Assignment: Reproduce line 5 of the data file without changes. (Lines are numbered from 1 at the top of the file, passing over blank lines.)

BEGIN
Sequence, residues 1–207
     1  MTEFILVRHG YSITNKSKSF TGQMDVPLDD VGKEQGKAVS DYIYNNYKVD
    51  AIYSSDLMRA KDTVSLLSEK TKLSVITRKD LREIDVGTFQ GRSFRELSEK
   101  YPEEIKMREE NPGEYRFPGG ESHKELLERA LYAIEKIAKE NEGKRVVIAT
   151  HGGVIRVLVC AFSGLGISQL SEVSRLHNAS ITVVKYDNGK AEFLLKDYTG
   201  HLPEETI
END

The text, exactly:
   151  HGGVIRVLVC AFSGLGISQL SEVSRLHNAS ITVVKYDNGK AEFLLKDYTG